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As of March 27, 2018, Google officially began the rollout of its mobile-first index. Implementation started small with a few hundred websites. But, as of late April, global rollout has begun, ushering in a new era for search engine functionality and search engine optimization.
Historically, Google’s algorithm indexed a full-size desktop website first. But, the mobile-first initiative is acting like an algorithm update and changing the way Google’s “bot” crawls the web. Now, the algorithm will index a mobile website first.
A mobile website may be:
- Your company website that is built on a responsive framework that automatically scales the display based on user screen size
- A separate version of your website that users can access by toggling from the desktop version and vice versa
- A completely separate website
The mobile-first initiative is expected to impact rankings for many websites.
What You Have to Do to Maintain Search Engine Visibility in a Mobile-First World
By prioritizing mobile websites in its indexing, Google (and other search engines to follow) is prioritizing the mobile user experience. And by doing so, mobile-first indexing changes the ranking impact of some known factors. For instance, loading speed, while always important, takes on a new significance in the mobile-first world.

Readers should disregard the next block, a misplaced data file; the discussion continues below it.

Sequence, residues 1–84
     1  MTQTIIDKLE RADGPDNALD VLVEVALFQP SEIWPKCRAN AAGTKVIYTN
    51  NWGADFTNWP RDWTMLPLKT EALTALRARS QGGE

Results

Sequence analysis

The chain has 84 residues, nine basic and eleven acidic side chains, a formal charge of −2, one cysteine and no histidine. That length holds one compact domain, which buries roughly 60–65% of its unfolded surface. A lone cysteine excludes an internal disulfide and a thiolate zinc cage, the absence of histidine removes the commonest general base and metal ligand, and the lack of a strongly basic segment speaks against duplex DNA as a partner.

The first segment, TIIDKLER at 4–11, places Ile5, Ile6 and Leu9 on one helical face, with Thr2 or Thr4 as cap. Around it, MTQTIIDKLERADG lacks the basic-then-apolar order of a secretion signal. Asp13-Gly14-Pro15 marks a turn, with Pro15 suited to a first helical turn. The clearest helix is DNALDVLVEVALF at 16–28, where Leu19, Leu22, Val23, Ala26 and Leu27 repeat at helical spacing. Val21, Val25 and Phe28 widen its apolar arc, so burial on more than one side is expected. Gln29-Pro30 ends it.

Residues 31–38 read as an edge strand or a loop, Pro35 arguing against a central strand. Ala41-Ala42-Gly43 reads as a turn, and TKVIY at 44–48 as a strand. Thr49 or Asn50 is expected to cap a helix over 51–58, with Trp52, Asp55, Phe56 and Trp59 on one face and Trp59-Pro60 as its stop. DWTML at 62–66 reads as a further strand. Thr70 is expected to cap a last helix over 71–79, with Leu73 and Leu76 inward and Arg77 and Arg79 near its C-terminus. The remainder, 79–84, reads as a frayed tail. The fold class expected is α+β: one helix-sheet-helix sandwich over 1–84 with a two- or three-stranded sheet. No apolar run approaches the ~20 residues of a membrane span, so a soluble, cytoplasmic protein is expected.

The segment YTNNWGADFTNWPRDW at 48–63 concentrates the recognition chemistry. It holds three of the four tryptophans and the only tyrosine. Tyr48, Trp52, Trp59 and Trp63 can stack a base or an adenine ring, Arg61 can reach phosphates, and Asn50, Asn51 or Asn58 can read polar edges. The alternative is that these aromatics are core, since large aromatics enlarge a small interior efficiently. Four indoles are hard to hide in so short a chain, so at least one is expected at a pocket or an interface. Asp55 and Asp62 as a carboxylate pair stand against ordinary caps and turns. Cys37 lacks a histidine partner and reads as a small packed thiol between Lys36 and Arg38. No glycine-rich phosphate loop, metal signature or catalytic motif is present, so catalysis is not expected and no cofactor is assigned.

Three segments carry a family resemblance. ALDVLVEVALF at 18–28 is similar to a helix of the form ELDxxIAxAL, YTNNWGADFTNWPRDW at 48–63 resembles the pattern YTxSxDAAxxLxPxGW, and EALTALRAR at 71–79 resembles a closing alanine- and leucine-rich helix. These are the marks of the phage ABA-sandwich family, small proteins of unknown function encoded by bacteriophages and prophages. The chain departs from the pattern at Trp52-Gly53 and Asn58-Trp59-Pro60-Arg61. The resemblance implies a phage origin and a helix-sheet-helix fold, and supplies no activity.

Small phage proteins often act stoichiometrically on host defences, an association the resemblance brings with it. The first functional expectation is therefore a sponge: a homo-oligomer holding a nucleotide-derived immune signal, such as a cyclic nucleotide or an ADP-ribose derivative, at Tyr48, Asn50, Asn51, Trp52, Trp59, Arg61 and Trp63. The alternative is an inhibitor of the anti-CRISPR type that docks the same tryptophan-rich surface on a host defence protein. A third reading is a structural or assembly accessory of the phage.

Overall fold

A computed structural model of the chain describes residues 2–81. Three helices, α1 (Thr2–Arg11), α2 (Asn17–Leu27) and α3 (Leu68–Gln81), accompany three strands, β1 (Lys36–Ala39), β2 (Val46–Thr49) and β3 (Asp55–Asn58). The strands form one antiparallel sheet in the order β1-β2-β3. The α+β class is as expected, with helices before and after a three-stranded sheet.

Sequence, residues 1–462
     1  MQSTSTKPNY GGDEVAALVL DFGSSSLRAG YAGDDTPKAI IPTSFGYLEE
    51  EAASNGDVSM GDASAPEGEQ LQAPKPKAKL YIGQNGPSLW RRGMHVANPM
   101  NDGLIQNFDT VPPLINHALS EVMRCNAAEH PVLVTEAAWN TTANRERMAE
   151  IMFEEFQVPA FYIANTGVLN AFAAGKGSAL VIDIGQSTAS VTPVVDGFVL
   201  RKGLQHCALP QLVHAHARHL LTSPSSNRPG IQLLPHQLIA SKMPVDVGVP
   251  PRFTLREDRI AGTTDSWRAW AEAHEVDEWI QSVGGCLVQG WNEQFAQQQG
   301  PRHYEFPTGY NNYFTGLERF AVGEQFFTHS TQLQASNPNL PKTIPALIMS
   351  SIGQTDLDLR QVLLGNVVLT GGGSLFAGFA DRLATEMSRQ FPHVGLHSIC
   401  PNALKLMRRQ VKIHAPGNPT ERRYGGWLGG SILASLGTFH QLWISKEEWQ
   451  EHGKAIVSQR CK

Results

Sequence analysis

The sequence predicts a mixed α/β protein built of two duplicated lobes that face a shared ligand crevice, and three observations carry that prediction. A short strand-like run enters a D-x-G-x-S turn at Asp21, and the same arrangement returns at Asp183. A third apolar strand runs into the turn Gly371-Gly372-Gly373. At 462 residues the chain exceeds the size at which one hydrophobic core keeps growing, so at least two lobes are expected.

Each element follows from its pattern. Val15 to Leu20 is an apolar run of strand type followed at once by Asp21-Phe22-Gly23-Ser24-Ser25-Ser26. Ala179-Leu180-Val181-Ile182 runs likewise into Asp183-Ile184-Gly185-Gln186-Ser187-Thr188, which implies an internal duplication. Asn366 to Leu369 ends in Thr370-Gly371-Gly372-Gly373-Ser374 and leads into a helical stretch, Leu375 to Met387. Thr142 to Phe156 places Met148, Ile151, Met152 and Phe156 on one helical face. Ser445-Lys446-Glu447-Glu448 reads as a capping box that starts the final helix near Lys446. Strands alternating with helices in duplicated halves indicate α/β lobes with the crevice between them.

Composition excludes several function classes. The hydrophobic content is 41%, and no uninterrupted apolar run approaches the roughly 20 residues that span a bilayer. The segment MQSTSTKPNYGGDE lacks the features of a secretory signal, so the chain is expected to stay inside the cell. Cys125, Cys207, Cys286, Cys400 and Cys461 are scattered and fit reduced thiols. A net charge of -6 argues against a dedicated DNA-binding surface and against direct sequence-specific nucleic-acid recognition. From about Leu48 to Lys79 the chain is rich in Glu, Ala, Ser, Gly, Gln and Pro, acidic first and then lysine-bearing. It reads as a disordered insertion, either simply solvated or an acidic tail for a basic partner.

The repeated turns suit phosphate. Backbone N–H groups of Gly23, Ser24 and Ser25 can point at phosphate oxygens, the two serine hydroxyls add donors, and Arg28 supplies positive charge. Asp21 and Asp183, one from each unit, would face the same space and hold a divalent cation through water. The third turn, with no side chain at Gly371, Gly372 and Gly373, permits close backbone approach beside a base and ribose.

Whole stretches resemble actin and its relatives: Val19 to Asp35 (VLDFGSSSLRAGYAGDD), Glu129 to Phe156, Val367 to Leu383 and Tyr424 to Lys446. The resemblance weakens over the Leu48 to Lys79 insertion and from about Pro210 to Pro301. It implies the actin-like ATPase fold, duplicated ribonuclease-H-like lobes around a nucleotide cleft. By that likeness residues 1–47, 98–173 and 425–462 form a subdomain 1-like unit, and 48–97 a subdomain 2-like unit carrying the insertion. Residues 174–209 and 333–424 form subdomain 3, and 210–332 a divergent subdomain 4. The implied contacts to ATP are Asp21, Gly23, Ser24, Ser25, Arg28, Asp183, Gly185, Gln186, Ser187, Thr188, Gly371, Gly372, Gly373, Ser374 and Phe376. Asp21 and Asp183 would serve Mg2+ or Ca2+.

So, to maintain visibility in organic search engine results pages (SERPs), you have to make sure your mobile website*:
- Loads fast
Site loading speed cannot be underrated in a mobile-first environment. Mobile devices are employed by users-on-the-go who have even less patience than desktop users when it comes to waiting for a website to be completely visible and functional.
Although Accelerated Mobile Pages (AMP) is not the only way to increase site loading speed, it is a data structuring practice that Google has never been shy about favoring. So, AMPing pages may be a strategy worth considering to maintain top SERP ranking (or finally climb ahead of your competitors).
- Features elements that display well on mobile devices